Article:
I love the movie Bull Durham. And until this morning I didn’t realize how much a writer can learn from that film.
“If you believe you’re playing well because you’re getting laid, or because you’re not getting laid, or because you wear women’s underwear, then you ARE! And you should know that!”
“I told him to respect the streak!”
Annie convinces Nuke to breath out his eyelids like a lizard from the Galapagos Islands, and to wear a garter belt (“the rose goes in front, big guy”). It’s all a part of being just distracted enough not to over-think what he’s doing when he pitches. It’s about having better control when you forget you have control.
So many times, I self-edit, and psyche myself out by over-thinking it.
Did I forget what I did in the last “good streak”?
Respect the streak, writers!
“Nuke’s nervous because his old man’s here and his eyelids are jammed.”
Once he started over-thinking, his confidence goes with it. I’ve done that. I’m still doing it, in fact.
Whatever it takes to be “off-center” just enough to let the skill show is what it’s all about. (For some, apparently that has to do with lizards and undergarments.) 😉 As a writer, it has to do with turning off the self-editor and practicing and challenging our word-smithing skills, trusting the words and the character’s voice. Trusting the image that will emerge and letting it!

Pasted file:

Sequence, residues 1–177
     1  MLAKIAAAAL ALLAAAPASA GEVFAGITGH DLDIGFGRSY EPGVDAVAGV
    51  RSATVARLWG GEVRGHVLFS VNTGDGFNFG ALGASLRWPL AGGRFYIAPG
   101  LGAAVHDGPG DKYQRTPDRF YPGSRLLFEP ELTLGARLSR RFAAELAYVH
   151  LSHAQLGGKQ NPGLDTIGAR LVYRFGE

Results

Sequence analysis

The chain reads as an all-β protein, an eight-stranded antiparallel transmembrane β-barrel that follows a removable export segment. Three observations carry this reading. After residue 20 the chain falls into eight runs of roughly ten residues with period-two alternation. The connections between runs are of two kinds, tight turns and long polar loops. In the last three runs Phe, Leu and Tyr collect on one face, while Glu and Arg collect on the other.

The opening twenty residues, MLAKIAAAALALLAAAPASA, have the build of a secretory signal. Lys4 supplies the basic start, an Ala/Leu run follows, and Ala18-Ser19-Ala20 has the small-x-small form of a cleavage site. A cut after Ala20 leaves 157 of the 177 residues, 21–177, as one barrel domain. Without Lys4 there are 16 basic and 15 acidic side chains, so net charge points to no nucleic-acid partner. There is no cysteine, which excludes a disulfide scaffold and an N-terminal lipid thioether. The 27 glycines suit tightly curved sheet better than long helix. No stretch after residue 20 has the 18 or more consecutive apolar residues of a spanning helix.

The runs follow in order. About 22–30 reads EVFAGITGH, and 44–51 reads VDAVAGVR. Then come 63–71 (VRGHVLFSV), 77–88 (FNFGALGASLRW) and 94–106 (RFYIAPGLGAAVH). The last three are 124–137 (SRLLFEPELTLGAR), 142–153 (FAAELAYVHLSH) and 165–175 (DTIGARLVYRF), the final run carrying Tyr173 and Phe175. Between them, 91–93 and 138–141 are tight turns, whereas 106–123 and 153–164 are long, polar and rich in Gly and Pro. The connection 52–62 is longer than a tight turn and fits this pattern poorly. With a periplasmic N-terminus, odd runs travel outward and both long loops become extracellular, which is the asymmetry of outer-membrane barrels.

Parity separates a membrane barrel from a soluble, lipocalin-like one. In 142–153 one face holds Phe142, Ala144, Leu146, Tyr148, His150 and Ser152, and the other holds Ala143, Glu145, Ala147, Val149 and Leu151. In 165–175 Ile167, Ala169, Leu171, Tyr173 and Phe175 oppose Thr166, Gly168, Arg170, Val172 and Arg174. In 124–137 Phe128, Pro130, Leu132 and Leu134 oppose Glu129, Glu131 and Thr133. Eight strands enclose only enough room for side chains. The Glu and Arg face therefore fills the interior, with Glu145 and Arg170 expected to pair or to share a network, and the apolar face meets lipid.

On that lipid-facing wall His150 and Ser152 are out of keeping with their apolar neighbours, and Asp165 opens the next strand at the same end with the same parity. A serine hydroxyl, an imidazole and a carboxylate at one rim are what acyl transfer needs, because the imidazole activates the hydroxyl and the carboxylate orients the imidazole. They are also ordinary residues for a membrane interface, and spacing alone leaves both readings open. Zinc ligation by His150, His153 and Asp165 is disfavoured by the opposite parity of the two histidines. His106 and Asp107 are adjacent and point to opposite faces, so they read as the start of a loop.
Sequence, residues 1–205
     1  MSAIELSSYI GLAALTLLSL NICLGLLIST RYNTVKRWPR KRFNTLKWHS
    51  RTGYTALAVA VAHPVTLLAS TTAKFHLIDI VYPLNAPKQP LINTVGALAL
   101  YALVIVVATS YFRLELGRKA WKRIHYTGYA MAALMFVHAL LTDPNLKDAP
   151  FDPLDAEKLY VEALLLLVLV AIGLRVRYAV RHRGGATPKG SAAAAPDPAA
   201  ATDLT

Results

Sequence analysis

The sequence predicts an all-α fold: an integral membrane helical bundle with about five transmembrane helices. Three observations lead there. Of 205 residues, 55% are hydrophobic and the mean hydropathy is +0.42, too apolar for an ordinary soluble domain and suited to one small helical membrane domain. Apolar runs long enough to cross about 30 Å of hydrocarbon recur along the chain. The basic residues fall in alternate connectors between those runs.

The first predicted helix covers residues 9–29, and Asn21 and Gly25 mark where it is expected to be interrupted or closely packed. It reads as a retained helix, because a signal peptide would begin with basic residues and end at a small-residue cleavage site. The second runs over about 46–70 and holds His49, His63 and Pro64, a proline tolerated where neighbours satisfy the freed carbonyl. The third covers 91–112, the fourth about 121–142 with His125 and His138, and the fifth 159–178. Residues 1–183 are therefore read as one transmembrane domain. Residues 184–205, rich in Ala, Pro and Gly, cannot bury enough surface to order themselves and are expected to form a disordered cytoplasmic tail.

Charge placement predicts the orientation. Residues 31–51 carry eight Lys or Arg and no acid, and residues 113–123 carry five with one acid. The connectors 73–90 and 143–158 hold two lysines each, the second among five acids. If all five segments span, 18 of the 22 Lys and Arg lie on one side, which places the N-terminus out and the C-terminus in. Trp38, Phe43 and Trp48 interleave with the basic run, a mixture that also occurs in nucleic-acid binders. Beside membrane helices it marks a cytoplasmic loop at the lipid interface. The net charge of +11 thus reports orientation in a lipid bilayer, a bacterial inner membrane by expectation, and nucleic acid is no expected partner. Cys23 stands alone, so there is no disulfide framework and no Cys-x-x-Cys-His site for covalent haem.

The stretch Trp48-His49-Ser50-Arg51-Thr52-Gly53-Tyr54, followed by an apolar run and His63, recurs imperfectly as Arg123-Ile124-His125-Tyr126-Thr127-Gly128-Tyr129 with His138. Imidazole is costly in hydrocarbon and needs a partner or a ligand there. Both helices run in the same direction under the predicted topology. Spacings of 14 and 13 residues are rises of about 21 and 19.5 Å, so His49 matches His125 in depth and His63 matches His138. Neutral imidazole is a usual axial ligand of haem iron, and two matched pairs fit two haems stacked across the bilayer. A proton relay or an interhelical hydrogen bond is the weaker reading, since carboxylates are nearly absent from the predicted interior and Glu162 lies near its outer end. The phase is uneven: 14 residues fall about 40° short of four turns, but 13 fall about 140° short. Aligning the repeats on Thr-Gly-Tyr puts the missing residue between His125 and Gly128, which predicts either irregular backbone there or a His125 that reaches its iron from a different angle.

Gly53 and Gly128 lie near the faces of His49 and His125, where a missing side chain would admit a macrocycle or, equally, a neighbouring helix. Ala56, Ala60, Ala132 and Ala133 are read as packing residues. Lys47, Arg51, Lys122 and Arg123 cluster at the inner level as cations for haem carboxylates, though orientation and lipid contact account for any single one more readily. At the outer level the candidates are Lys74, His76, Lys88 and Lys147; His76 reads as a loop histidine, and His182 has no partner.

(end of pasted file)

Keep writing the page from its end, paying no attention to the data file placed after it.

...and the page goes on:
Usually I write best when I don’t set expectations for myself. Half-asleep sometimes works for me, but really it’s about a “zone”. When I don’t try to write a certain way and let the words come, they do. And I usually write best when I do a bit of free-form writing before I get to the work in progress. I had forgotten how much writing poetry gave me permission to write whatever worked in my fiction, no matter how absurd it seemed at the time. when I write a bit of poetry I think my synapses in my brain fire differently or something.
When I let it go, I write toward a true image that I want to keep in the book. When I don’t let it all go, I try to force an image and I have to work really hard in the editing process to fix it.
In beginning and through most of writing Yet It Will Come I had never given myself so much permission to be unhinged and to just let the words flow. Then the intensity dwindled until the bits that had any spark at all had forced-spark. And I become Nuke when Crash says to him, “You couldn’t hit water if you fell out of a boat.”
I know the exact moment when I forgot what went into my streak . It’s the point that Yet It Will Come becomes a bit tedious. The spontaneity that is very much Charlie’s voice disappears. His voice instead of intense and untamed, becomes heavy and task-driven.
I’m trying to fix it, but see a lot of rewriting in my future with this book.
So while I’ve neglected my poetic side for quite some time, while I focused on fiction, I saw today it might be what’s missing in my fiction; I gave up a necessary thing. It appears I need a bit of poetic exercise so I can find Charlie again.
Now if I could find a live chicken to take the curse of Jose’s bat, we’d be all set. 😉